Fortunately, there were plenty of seats left, but conversely, it was an absolutely ENORMOUS room, possibly the largest I’d ever been in so far in my Con experience. Dumbfounded, I kinda just sorta stood off to the side in a daze before realizing I should probably find somewhere to sit. As a single, I probably could’ve found a place somewhere around the front, but I really hate scooting past people and being crowded by masses of bodies. Since there were huge video screens all over, I figured I might as well be comfortable, and so opted for a seat in the back.
This particular panel was actually not the one I had been waiting for, but as with all Con events, you have to get there early. They don’t clear the rooms after a panel is over, so you can just hang out there all day if you’d like, hence the popularity of Hall H. In this case, I was waiting for the Adventure Time panel, and so had to sit through a different one about Clarence and Uncle Grandpa.
Now, I’ve nothing against either of those shows, but they’re not really my cup of tea, to say the least. To me, they seem to be harping on the popularity of Adventure Time (screw italics), without including what makes it so near and dear to everyone’s hearts. Not gonna lie, AT can get incredibly weird. Sometimes my sibs and I will watch an episode and not understand a thing that happened when it’s over, or it involves events that are really messed up. And yet, there’s enough funny and story and character and attractive surrealism to keep us coming back. Uncle Grandpa is just odd.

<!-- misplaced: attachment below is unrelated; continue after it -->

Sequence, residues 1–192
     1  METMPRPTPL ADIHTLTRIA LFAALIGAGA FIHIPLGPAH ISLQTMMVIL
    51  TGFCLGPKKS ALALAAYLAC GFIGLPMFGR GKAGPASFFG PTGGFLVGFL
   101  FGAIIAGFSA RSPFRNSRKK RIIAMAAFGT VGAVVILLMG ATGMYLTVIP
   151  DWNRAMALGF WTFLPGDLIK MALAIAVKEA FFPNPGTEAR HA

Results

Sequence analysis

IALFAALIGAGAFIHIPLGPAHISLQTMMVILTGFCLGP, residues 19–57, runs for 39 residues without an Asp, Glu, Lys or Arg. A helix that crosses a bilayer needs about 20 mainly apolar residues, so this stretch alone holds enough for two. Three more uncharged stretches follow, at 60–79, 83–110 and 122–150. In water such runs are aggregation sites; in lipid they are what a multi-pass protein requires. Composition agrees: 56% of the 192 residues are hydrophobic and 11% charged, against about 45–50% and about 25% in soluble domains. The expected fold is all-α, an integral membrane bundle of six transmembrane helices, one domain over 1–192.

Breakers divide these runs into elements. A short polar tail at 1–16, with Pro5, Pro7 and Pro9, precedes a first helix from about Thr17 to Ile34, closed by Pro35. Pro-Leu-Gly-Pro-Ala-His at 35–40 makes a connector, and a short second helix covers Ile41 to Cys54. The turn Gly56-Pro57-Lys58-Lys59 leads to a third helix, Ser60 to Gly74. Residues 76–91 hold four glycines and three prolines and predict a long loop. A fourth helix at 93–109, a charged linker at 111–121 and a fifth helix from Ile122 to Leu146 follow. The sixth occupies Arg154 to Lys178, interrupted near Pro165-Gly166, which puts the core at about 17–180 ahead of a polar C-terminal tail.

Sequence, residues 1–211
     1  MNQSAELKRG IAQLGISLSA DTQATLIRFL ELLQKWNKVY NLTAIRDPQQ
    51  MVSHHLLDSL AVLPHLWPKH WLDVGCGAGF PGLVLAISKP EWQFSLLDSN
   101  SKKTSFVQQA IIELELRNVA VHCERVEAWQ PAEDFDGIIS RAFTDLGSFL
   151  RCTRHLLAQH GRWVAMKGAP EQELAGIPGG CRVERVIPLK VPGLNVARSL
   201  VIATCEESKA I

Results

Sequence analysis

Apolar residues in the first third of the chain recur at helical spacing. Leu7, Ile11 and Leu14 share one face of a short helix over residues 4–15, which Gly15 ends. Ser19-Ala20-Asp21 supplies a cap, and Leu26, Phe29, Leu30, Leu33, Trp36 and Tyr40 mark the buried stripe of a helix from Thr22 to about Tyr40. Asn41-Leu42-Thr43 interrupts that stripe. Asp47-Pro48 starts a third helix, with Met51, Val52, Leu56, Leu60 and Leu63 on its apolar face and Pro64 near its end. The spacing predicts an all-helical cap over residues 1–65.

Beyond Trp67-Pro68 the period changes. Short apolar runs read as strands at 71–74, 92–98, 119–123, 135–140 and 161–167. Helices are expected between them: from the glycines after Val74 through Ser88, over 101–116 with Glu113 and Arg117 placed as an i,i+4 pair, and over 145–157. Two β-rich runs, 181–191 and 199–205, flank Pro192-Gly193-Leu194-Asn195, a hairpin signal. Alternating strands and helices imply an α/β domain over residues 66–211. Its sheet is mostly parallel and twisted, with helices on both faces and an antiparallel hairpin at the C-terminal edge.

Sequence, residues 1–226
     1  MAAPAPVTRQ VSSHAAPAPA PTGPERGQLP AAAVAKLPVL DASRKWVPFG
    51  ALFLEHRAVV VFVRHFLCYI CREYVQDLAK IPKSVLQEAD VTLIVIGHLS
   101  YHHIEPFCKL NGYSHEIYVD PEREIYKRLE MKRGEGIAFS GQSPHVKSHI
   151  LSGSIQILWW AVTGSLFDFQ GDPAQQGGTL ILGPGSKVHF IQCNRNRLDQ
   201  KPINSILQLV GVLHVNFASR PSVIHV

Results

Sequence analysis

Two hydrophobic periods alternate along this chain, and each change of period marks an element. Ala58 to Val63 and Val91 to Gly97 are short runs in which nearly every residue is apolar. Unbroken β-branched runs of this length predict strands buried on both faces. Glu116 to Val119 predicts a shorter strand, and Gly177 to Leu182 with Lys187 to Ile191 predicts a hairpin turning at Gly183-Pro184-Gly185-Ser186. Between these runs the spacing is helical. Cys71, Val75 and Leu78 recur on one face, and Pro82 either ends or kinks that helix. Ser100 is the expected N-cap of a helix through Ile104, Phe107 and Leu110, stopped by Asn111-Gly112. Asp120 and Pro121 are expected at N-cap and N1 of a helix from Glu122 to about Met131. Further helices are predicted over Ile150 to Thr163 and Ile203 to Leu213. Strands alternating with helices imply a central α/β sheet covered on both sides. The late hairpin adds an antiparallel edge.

That being said, I adore the cast, and the crew is always so talented, regardless of the project, so it was still an enjoyable panel.
Tom actually moderates tons of panels every year, and he always makes for an entertaining (usually in a lovely self-deprecating kind of way), yet effective host. They managed to efficiently talk about both shows in the small amount of time they had, and though I still had no inclination to watch them, I did gain a greater appreciation of the talent involved. For one thing, Eric Bauza (who is awesome and nice and amazingly talented) continues to astonish me with his incredible range, as the voice he does on Uncle Grandpa sounds like nothing I’ve heard from him before.
And also on the panel was Kevin Michael Richardson, who I was delighted to see since I knew he wasn’t going to be on the one for TMNT tomorrow.
If I hadn’t been waiting for the following panel, I probably would’ve tried to meet up with him afterwards, but then, I had just seen him on Tuesday, so I felt a little less guilty about it, and remained in my seat once the panel was over. The other guests included Pete Browngardt, Spencer Rothbell, and Eric Edelstein.
Finally it was Adventure Time! (Get it?!)
Unfortunately, only Jeremy Shada, Tom Kenny, and John DiMaggio are listed in the schedule, and I’m terrible with names, but I believe Kent Osborne and Justin Roiland were also there with the other cast and crew.